A buck bag is a bottle in the shortened form of a flattened ellipsoid for wines from the growing area francs. The content is usually 0.75 l ( Frankish three pints of 0.25 l).
The buck bag is used for at least 250 years as of the Franconian wine typical container, first for the most prestigious and best wine, the Würzburg stone, later also for other Franken wines. In 1728 the town council of Würzburg, that the best wines of the urban community hospital should be filled in bocksbeutel.
Usually the buck bag for high quality wines will be used. The minimum must weight for bocksbeutel wine is 72 degrees Oechsle on the quality of wine. Furthermore, there are since 2009 a new regulation. This states that wines that are to be filled in bocksbeutel, must have quality wine for the official test a minimum score of 2.0.
The bottle shape as such is much longer in use. It is derived probably from water bottles from which were flattened for practical reasons: firstly, because of the ease of transport in luggage or on the body, on the other hand, because the bottle can not roll over uneven terrain. The form is also used in other wine regions always been used, for example, in Portugal.
The buck bag ( Low German: Booksbüdel for books bag) was a used since the Vorreformationszeit bag-like coating of prayer and hymn books (see: book bag ). Usually wore councilors such a booklet with them when they went to the Council. After this had gone out of fashion, but some still clung to it, referred to the patriarchal way of thinking and the insistence on a subdued position as Bocksbeutelei. Other sources, such as the Dictionary of Kaspar Stieler's 1690 call, as word origin, the obvious interpretation of the scrotum of a goat. For this interpretation is that there was Bokesbudel already in the early Middle Ages, when people still had no hymnals. The German dictionary mentions the phrase attach someone a buck bag to make him ridiculous.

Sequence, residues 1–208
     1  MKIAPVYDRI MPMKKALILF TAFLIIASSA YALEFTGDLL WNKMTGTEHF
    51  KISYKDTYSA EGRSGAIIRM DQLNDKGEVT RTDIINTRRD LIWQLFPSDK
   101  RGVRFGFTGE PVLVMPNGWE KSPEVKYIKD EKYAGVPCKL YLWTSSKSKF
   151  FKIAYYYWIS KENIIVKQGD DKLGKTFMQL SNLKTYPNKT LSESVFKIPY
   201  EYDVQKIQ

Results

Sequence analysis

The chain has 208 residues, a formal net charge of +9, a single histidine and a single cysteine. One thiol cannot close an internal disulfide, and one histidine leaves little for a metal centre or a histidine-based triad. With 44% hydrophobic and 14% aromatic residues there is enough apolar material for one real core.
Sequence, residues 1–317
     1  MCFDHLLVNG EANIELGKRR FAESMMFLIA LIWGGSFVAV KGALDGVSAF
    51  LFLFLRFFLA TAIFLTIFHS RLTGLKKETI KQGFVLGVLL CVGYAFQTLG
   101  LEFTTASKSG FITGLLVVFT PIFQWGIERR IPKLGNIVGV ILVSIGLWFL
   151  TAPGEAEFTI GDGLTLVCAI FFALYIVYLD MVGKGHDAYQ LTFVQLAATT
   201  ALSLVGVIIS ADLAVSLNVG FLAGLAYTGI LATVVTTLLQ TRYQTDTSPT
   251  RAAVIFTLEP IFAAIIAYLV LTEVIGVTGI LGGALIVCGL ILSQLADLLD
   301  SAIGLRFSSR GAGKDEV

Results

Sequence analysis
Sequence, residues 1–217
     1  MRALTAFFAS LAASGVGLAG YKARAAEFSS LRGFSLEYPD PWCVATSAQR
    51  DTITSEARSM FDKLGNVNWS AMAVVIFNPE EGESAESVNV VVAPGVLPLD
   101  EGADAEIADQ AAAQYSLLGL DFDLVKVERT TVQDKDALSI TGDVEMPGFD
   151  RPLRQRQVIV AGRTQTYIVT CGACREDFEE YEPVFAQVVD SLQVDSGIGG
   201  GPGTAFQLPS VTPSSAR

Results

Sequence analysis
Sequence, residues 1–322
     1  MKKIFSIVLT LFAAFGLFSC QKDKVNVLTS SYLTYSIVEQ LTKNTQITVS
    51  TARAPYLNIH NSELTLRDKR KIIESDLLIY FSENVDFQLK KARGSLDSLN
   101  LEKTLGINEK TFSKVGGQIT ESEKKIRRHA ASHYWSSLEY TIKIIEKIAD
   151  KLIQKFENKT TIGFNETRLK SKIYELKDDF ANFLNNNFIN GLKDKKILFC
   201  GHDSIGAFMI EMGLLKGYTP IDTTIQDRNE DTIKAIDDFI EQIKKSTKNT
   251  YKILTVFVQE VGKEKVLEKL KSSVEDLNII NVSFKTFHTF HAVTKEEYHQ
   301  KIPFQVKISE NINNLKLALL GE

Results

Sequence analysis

Bocksbeutel and brand protection
In the so-called bocksbeutel dispute, the European Court in 1983 ruled that this bottle shape, enjoys contrary to the wishes of the Franconian winemakers, no trademark protection and the provisions laid down in the German wine regulation were inadmissible, stating that only quality wines from Franconia could be sold in bocksbeutel bottles. "As far as the wines are bottled after a fair and traditional practice in their home state in such bottles, the prohibition [ of using the bocksbeutel bottle ] is disproportionate. " ( ECJ, Case 16/83, ECR 1984, 1299 Rn.31ff. ) however, this is almost exclusively for Franconian and Portuguese wines, so only wines from these two growing regions are found in bocksbeutel in German supermarkets generally. In Baden filling wine in bocksbeutel is common in the wine-growing villages of Baden -Baden Reblandes since the 18th century. Usually these are high-quality Rieslings. Also wines from Baden Franconia may be filled on the basis of the historical area belonging in bocksbeutel bottles. "Today the buck bag is the hallmark of the Franconian wine and copyrighted also for quality and quality wines from Franconia since 1989. "